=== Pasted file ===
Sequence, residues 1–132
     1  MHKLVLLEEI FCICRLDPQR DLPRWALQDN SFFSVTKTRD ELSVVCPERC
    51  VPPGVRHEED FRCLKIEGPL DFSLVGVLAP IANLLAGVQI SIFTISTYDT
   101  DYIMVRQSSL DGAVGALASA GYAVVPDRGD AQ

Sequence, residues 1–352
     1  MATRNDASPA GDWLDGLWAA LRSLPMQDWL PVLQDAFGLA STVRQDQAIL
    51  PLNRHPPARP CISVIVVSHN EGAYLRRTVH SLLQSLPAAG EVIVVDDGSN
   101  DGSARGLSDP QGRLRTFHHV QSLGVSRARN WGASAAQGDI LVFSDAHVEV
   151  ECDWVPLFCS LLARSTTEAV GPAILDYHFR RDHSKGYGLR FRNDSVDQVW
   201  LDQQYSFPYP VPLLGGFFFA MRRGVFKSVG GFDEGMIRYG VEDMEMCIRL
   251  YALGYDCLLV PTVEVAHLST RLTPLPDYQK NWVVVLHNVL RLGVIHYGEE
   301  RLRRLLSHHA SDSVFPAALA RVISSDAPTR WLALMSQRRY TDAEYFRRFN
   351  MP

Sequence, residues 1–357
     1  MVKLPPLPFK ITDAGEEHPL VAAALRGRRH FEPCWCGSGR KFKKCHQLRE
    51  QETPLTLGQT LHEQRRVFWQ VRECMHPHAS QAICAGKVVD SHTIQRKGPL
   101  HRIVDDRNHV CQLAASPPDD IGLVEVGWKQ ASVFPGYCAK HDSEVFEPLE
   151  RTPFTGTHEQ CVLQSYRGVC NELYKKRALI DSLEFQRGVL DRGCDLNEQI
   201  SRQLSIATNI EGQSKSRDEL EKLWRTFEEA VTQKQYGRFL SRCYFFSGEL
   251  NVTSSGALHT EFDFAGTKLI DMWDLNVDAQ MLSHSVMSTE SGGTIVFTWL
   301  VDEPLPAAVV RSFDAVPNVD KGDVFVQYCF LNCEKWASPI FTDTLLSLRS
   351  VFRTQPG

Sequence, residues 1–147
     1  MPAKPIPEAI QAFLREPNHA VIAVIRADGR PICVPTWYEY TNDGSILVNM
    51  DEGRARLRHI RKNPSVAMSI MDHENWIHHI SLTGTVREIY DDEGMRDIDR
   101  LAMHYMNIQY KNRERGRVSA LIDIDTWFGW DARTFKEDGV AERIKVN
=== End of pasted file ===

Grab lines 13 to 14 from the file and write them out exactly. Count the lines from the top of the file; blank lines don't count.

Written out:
   351  MP

Sequence, residues 1–357